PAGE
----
Trade on the Tigris wants to redeem one of gaming’s most overused themes
After more than six years in development, a game created to breathe fresh life back into one of the tabletop’s stalest settings finally has a release date.
Trade on the Tigris began life way back in 2012 as ‘Trading on the Mediterranean’ – the title a deliberate nod to popular video personality and Dice Tower co-host Tom Vasel, who notoriously called the genre one of the tabletop’s most overused and pasted-on clichés.
The game’s inspirations and creation process were discussed by designers Geoff Engelstein and Ryan Sturm on the Ludology podcast, where they expressed a desire to take the game beyond being an in-joke to revitalising the theme.
“I think the goal in a more serious broader context is to create a trading in the Mediterranean game that for gamers will truly feel like they are trading in the Mediterranean and not just churning cubes,” Sturm clarified in a BoardGameGeek post. “I want the theme to matter and feel a part of the game more so than specifically catering the game to Tom personally, though I do hope that he enjoys the game as well.”
Sturm eventually left the Ludology podcast, but remained a designer on the project as its development continued over more than half a decade.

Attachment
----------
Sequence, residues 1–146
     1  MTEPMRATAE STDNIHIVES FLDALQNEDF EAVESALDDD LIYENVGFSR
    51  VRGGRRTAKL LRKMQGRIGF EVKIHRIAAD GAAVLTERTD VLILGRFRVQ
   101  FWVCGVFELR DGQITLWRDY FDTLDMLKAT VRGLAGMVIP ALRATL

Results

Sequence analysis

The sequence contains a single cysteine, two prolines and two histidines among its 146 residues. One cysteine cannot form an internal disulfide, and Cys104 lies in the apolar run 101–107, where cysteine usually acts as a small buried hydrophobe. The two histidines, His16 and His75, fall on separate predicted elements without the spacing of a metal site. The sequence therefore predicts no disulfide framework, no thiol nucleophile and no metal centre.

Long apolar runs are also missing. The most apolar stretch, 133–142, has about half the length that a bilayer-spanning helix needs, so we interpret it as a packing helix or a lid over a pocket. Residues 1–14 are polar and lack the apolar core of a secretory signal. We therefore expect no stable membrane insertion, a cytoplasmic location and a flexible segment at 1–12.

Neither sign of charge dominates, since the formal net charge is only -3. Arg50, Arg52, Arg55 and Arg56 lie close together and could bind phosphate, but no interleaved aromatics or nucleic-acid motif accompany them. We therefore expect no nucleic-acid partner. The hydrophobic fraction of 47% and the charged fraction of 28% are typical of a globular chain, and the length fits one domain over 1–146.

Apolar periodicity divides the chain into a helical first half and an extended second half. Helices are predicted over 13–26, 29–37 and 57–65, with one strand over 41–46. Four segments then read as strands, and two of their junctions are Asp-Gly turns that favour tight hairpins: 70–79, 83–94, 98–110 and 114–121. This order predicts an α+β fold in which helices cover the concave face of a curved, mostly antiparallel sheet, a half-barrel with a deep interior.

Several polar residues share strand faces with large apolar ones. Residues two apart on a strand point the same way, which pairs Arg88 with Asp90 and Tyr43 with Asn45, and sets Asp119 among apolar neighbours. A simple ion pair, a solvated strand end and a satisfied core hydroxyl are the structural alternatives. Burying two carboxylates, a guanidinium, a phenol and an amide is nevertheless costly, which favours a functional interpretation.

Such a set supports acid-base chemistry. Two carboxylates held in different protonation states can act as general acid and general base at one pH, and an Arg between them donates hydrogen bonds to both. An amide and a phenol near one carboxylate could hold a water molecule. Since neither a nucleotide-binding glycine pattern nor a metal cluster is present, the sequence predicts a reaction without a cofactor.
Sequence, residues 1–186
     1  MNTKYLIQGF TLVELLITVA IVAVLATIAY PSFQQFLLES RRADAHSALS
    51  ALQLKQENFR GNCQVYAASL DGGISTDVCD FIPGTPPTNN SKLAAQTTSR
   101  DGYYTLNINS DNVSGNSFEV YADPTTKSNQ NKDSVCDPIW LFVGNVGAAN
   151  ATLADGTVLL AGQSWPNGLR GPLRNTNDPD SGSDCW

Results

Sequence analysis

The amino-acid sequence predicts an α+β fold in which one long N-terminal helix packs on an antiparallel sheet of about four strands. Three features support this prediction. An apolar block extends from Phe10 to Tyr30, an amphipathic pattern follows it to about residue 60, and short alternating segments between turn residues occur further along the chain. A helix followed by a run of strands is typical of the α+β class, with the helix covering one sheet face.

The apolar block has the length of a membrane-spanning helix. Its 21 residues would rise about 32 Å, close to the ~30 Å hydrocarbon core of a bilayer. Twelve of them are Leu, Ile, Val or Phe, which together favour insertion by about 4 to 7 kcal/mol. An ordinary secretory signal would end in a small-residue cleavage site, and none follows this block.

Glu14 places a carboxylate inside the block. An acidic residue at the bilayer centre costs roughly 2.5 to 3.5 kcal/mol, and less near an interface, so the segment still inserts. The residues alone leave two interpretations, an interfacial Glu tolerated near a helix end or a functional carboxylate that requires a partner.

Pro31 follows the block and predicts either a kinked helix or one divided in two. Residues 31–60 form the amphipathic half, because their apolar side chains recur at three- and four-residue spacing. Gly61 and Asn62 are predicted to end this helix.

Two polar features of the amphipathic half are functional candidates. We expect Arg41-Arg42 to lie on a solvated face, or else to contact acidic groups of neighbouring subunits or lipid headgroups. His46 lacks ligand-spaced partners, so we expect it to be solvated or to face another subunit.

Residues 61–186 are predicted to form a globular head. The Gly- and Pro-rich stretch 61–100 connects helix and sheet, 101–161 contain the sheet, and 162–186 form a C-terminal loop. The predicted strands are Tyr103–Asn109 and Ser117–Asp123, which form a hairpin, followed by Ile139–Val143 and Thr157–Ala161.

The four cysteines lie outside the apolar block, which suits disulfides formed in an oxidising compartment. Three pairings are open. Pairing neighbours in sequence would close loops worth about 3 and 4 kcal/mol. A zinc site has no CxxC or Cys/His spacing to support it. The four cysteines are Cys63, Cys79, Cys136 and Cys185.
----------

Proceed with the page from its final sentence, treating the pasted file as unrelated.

The finished game consists of a 60 to 90-minute card-driven trading game, with players taking on the role of cities along the titular river.
Three to six players gain development cards offering new abilities, produce resources and then trade with their opponents, in a system reminiscent of classic strategy game Civilization.
What makes Trade on the Tigris a little different is that trading cards also results in the sharing of ideas, with a player’s city potentially affected by the influence of outside religions and philosophies, changing the way in which it can advance its abilities. At the end of five rounds, the most points wins.
The game has been picked up by Tiny Minstrel Games and is due for release before the end of 2018, so we’ll be able to see if it manages to break the mould – or just becomes another part of the problem – soon.